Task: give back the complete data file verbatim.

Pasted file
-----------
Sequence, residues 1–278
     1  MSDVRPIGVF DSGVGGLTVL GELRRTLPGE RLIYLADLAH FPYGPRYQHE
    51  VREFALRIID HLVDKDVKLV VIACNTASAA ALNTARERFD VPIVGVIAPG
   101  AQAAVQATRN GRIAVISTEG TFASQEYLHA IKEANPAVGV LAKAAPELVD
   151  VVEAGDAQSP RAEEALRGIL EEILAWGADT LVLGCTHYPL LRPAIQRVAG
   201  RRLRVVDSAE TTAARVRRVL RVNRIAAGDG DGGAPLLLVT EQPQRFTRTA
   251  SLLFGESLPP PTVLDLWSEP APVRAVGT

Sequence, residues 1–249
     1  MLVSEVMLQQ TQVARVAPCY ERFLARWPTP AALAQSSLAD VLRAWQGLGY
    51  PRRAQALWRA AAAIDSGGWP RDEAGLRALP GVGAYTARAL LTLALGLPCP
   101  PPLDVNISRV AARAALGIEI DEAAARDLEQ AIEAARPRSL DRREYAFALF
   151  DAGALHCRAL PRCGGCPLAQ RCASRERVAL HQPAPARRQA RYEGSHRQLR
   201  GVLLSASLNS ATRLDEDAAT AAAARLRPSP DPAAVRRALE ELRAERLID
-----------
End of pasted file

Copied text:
Sequence, residues 1–278
     1  MSDVRPIGVF DSGVGGLTVL GELRRTLPGE RLIYLADLAH FPYGPRYQHE
    51  VREFALRIID HLVDKDVKLV VIACNTASAA ALNTARERFD VPIVGVIAPG
   101  AQAAVQATRN GRIAVISTEG TFASQEYLHA IKEANPAVGV LAKAAPELVD
   151  VVEAGDAQSP RAEEALRGIL EEILAWGADT LVLGCTHYPL LRPAIQRVAG
   201  RRLRVVDSAE TTAARVRRVL RVNRIAAGDG DGGAPLLLVT EQPQRFTRTA
   251  SLLFGESLPP PTVLDLWSEP APVRAVGT

Sequence, residues 1–249
     1  MLVSEVMLQQ TQVARVAPCY ERFLARWPTP AALAQSSLAD VLRAWQGLGY
    51  PRRAQALWRA AAAIDSGGWP RDEAGLRALP GVGAYTARAL LTLALGLPCP
   101  PPLDVNISRV AARAALGIEI DEAAARDLEQ AIEAARPRSL DRREYAFALF
   151  DAGALHCRAL PRCGGCPLAQ RCASRERVAL HQPAPARRQA RYEGSHRQLR
   201  GVLLSASLNS ATRLDEDAAT AAAARLRPSP DPAAVRRALE ELRAERLID